American ABC: Childhood in 19th-Century America
June 30, 2006September 16, 2006
"American ABC" demonstrates how portrayals of the nation's youngest citizens took on an important symbolic role in the United States’ long journey toward maturity and provides a window into the everyday life of the period—the world of families, children's pastimes and the routines of the schoolhouse. Claire Perry, curator of American art at the Cantor Arts Center, is the curator. The exhibition's presentation at the Smithsonian American Art Museum also will include artworks from its permanent collection. Paintings by George Catlin and several sculptures, including works by Thomas Crawford, Harriet Hosmer and William Henry Rinehart among others, will be included at this venue only. Programs and activities for children will take place in a re-creation of a 19th-century schoolroom that is based on depictions by Winslow Homer.
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An Impressionist Sensibility: The Halff Collection
November 3, 2006February 4, 2007
The exhibition is the first time this remarkable collection has been on display in Washington, D.C. Marie and Hugh Halff, who live in San Antonio, acquired these masterpieces during the past 20 years. In addition to reflecting the Halff's keen eye for the finest artworks from this period, the collection also is noteworthy for illustrating the consistency of their vision. The paintings in the collection are linked through a shared sensibility about American cultural aspirations at the turn of the century.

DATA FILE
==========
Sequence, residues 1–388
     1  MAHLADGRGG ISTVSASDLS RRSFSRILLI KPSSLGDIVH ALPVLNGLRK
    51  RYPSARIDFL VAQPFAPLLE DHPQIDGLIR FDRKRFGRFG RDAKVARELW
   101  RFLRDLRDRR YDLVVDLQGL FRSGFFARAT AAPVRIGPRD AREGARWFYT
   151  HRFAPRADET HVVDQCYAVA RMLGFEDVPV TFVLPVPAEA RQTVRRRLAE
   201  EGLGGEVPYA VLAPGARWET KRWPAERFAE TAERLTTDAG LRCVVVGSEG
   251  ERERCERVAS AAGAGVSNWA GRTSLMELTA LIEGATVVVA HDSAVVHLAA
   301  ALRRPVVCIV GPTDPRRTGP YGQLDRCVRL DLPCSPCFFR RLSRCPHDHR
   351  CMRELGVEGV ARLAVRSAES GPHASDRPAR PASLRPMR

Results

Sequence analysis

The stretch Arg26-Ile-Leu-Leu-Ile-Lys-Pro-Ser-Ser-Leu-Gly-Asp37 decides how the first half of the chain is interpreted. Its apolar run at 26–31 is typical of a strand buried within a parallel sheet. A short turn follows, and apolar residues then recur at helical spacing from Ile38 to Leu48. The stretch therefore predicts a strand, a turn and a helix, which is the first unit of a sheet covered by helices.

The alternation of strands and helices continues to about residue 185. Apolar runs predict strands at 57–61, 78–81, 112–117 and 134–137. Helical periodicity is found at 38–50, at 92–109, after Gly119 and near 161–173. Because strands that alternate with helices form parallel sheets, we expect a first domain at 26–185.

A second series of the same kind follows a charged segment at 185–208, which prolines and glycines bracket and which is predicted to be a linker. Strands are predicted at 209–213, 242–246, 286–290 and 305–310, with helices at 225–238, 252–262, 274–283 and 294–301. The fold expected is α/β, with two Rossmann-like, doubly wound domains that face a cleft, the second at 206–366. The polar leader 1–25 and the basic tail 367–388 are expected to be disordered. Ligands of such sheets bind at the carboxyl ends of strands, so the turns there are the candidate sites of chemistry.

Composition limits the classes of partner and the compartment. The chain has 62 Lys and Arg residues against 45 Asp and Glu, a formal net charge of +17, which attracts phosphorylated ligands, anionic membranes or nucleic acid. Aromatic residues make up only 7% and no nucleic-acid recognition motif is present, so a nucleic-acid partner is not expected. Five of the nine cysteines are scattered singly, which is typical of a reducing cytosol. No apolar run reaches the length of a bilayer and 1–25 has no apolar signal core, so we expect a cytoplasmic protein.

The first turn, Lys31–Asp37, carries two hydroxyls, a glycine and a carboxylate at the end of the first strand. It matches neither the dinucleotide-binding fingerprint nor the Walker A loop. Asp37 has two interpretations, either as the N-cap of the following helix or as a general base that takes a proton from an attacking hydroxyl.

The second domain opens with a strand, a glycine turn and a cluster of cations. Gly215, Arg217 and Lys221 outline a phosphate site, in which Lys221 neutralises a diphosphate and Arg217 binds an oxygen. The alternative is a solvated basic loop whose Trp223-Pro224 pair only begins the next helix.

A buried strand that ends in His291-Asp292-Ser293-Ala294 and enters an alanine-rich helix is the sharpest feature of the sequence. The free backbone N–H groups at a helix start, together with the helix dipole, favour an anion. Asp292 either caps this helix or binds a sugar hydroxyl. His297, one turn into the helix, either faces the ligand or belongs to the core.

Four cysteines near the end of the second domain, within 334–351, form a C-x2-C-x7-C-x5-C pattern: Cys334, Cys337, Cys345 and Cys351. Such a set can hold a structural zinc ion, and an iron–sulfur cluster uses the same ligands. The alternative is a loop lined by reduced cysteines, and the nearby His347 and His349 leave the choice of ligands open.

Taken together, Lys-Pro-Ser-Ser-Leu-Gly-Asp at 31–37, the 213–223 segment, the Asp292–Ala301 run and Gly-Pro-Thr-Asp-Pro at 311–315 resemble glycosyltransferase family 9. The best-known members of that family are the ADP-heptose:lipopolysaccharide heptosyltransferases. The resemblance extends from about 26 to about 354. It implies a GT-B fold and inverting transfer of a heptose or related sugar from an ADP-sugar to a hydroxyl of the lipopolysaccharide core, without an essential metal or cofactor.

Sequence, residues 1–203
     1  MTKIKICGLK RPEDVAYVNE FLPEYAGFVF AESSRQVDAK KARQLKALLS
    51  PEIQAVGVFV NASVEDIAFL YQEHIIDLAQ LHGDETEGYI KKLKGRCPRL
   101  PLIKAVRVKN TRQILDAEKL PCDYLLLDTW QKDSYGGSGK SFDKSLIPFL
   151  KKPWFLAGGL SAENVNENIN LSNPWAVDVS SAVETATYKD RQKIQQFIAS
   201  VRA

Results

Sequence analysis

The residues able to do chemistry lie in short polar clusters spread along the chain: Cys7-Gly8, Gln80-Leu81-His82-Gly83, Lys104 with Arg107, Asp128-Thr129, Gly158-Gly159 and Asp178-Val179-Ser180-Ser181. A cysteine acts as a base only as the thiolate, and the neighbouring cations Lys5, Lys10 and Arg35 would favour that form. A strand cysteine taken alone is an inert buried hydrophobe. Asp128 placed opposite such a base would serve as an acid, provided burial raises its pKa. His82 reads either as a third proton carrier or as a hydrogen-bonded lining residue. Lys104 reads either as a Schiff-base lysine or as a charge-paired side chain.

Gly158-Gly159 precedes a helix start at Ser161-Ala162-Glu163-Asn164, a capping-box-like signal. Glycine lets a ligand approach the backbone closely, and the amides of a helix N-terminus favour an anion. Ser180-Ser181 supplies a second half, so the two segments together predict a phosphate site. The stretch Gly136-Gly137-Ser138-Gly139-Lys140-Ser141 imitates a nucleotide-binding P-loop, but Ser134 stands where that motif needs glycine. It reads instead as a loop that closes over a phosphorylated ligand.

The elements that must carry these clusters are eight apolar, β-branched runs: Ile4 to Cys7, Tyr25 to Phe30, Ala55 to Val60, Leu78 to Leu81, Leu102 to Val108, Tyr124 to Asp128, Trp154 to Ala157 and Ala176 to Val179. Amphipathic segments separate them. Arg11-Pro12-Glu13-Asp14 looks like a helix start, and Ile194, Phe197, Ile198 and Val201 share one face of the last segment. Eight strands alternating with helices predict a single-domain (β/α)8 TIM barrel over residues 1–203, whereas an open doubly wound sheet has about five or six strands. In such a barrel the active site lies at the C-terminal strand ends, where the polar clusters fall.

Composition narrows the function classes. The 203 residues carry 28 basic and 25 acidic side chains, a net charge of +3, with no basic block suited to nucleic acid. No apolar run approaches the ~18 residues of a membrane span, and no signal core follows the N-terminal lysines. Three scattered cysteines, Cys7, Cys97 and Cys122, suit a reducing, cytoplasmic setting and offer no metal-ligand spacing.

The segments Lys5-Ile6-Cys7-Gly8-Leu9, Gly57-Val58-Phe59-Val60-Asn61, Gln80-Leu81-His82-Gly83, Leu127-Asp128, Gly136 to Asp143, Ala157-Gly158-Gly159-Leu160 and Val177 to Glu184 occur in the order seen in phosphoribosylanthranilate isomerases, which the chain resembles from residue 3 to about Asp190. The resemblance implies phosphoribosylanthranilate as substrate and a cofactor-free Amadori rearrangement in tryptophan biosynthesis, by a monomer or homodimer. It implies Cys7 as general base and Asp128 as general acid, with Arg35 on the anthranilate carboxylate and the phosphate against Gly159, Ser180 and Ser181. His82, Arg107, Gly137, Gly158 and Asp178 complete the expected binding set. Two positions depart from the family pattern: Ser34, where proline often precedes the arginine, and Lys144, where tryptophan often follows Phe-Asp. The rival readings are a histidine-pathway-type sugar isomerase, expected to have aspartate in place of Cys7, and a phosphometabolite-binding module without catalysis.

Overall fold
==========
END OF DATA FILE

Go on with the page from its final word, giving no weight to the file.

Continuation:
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Graphic Masters I: Highlights from the Smithsonian American Art Museum
November 21, 2008May 24, 2009
Graphic Masters I: Highlights from the Smithsonian American Art Museum is the first in a series of special installations that celebrate the extraordinary variety and accomplishment of American artists' works on paper. These exceptional watercolors, pastels, and drawings from the early nineteenth century through the 1930s reveal the central importance of works on paper for American artists, both as studies for creations in other media and as finished works of art. Rarely seen works from the museum's permanent collection by masters such as John James Audubon, Romaine Brooks, Childe Hassam, Winslow Homer, John La Farge, Man Ray, John Marin and Georgia O'Keeffe will be featured in the exhibition. Joann Moser, senior curator for graphic arts, selected the artworks in Graphic Masters.
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The Civil War and American Art
November 16, 2012April 27, 2013